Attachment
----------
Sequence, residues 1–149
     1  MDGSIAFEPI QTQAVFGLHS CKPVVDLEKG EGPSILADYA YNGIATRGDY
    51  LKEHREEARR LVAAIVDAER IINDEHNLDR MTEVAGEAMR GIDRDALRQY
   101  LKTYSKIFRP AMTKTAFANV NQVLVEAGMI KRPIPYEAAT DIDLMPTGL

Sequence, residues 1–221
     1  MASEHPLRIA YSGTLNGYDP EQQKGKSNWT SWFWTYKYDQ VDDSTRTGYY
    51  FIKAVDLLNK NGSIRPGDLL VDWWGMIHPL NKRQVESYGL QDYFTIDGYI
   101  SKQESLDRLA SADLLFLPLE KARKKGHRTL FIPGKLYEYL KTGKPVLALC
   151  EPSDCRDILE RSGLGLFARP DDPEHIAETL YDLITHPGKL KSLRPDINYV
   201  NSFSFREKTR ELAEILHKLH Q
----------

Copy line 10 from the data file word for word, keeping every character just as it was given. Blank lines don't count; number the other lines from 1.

   201  NSFSFREKTR ELAEILHKLH Q